It is an overcast September Sunday afternoon and yesterday’s excesses have rendered Paris a German expressionist painting, a dark humour not lost on Slepian, even in his angular state. His senses customarily function as portals, converting external stimuli that are processed to engage and orient his body. Today though, they wheeze like decrepit vacuum cleaners, lethargically sucking up information and sending it to the grotty grey bag of fuzz that is his brain.
In sharp contrast, a resplendent Isabelle Chimay, attired in sheer black buttoned down dress, ushers him into her apartment. As a gift, Slepian hands her records that he speciously relates as coming from an open-air market – Charlie Parker’s Bird on 52nd St. and In The Beginning by Milt Jackson and Sonny Stitt. He was unsure whether she would like them or not but more importantly, for 45 minutes or so, the gesture assuaged Slepian’s guilt for what he was about to embark on.
Chimay invites Slepian to sit in an uncomfortable art deco iron chair and asks whether he has heard of the recently deceased French theatre director Antonin Artaud. He has not but motions for her to carry on. Whilst interested in his work it is his Gnostic beliefs that intrigued her. She proposes that he was in fact held in the grips of Cotard’s syndrome when he declared he had ‘No mouth no tongue no teeth no larynx no oesophagus no stomach no intestine no anus. I shall reconstruct the man I am’.
As the conversation oscillates around the excavated body Slepian’s mind wanders to Thomas Edison and his 1920s work on a valve technology that amplified the vibrations of the departed. Could AUDINT develop techniques to make audible all the words and whispers ever uttered and scored into the vast sound library of the atmosphere. Could they realise Edison’s dream of going beyond recording and instead chasing down sounds in the gulfs of outer space?
A stare rather than a voice triggers Slepian’s re-entry into the present as he realises that his off-world eyes have betrayed him. Isabelle looks on reservedly but his renewed focus encourages her to continue. She submits that since both Phantom Limb and Cotard’s Syndrome echo each other’s haunting of the body – one in the extension of it, the other in the negation – our sense of being could be formed from outside of consciousness?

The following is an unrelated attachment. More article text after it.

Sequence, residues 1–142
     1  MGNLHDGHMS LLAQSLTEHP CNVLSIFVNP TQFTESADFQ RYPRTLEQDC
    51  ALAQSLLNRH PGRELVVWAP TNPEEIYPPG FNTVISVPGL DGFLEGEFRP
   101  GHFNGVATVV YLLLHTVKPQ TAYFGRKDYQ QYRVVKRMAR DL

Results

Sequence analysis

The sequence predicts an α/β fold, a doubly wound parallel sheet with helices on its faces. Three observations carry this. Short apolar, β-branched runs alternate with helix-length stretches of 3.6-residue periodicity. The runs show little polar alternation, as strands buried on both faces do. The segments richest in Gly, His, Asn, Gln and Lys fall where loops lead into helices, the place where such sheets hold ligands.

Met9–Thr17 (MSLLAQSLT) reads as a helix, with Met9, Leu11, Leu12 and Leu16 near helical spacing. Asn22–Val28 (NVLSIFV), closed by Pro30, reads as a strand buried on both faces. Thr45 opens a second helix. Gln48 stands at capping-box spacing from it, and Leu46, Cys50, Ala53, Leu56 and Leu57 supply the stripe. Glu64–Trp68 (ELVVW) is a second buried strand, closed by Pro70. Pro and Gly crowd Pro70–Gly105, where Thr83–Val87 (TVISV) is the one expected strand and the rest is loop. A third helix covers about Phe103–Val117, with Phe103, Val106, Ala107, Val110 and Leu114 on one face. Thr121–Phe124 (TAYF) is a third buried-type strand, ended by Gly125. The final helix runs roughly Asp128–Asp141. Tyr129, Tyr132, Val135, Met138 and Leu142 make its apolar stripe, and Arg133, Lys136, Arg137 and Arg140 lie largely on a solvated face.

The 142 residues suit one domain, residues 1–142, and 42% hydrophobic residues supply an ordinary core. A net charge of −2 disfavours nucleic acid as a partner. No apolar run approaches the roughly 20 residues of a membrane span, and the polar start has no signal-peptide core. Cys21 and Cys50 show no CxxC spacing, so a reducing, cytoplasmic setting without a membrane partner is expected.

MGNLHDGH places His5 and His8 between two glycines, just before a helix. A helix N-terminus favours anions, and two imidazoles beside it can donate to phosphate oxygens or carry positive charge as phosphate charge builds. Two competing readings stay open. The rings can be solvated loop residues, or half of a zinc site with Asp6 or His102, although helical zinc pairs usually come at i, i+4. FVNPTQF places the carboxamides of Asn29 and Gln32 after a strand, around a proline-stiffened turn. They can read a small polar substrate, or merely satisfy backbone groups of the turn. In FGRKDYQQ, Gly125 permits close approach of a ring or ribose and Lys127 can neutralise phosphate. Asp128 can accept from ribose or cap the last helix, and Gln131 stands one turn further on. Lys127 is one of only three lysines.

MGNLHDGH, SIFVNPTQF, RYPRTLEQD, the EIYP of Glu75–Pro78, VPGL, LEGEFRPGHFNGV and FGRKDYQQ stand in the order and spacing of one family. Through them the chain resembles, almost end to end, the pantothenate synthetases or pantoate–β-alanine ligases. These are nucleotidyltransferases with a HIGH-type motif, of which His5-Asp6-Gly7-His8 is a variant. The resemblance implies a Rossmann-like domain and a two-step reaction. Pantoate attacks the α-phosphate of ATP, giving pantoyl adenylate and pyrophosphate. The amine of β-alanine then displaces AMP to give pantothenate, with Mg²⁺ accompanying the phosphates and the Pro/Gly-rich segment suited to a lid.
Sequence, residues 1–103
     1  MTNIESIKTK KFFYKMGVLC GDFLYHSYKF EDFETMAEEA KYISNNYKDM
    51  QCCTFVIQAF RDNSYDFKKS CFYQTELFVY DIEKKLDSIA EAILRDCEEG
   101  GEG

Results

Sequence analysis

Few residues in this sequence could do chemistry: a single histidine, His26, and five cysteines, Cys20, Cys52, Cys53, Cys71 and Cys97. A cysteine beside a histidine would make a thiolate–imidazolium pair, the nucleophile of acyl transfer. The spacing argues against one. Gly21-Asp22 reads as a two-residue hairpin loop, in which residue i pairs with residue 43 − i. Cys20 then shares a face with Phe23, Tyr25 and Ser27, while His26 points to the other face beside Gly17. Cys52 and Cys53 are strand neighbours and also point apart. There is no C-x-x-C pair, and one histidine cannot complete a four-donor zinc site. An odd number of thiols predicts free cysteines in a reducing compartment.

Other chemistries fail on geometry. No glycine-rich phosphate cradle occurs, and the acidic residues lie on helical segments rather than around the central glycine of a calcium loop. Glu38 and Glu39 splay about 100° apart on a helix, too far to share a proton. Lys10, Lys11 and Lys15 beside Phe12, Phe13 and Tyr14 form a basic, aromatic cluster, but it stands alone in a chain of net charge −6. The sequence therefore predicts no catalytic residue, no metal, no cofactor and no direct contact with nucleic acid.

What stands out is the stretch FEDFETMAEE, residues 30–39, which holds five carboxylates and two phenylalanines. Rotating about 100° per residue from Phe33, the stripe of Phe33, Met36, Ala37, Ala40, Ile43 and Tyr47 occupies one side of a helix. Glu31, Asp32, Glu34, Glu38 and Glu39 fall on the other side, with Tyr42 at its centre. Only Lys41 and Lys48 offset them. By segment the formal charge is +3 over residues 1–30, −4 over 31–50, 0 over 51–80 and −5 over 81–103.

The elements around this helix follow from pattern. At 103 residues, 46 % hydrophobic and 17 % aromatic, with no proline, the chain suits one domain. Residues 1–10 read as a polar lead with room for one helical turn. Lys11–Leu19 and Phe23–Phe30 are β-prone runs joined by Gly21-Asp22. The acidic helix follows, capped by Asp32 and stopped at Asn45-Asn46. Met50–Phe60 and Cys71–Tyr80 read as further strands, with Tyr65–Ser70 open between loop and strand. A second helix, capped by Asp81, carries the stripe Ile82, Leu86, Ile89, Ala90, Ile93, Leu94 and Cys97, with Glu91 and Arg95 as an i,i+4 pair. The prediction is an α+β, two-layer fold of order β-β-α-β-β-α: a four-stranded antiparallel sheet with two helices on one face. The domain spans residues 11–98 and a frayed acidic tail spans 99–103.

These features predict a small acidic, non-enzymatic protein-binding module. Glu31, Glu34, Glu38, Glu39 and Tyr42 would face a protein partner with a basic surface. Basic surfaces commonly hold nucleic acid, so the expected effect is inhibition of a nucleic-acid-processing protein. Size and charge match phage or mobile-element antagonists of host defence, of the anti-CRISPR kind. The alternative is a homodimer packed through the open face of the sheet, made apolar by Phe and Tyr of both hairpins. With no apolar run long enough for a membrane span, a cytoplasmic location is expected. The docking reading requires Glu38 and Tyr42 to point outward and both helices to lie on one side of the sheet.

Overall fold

In response Slepian proclaims that he considers all sensory information to be spectral in essence. He adds that there are perceptual mechanisms within us that have been deactivated much like genes that have been trip switched by extreme experiences. After more speculative conversation Slepian is getting that feeling when first discussing the existence of the third ear; an impression that his temporal lobes are being wrapped around his forehead and buttered and fried by the heat of the words fired at his cranium.
Realising he is in danger of giving himself away, Slepian impishly pronounces he is peckish. With a disappointed stretch of the lips and arms Isabelle offers him a drink and makes for her small kitchen. Knowing that they must imbibe something bitter if he is to cover his powdery tracks, Slepian hesitantly requests a Lucien Gaudin, hoping his pronunciation is not as bad as his intentions. With a wry smile Isabelle pulls on the handle of a burgeoning mahogany liquor cabinet. Having mixed the cocktail, she quips that hopefully they will not have similar urges of self destruction to those that caused the demise of the banker their drink is named after.
Slepian wonders how she could have any inkling of what he is about to do. She could not he answers himself. With a bell from the kitchen recalling Isabelle, Slepian thrusts his hands into his pocket and produces the vial of Amobarbital. He has an idea of how much to pour into her drink without causing an overdose but it is easier said than done when one’s hands are guided by the shadow puppet of Delirium Tremens.
Slepian digs into the platter of hors d’oeuvres in front of them and drinks rapidly in an attempt to encourage similar behaviour from Isabelle. She unwittingly complies. Deep into a conversation about cross-cultural eating habits it becomes obvious she is feeling the kaleidoscope flow of the barbiturate derivative. And so the soft interrogation begins. He asks whether she has Cotard’s notebook and why she purchased it? After a predictable affirmation Isabelle’s explanation causes Slepian to jolt in his chair.
It was reports of information encrypted within its pages that had impelled her to spend a small fortune on the item. Beyond the mere diagnostic it enabled the reader to seed negation delirium into a patient’s bed of cognition and mutate it at will. From implanting transformations of the body – shrunken throats and displaced hearts, to beliefs of having no stomach or blood, Cotard had learnt how to manifest the most extreme forms of the disorder by making people believe they were the walking dead.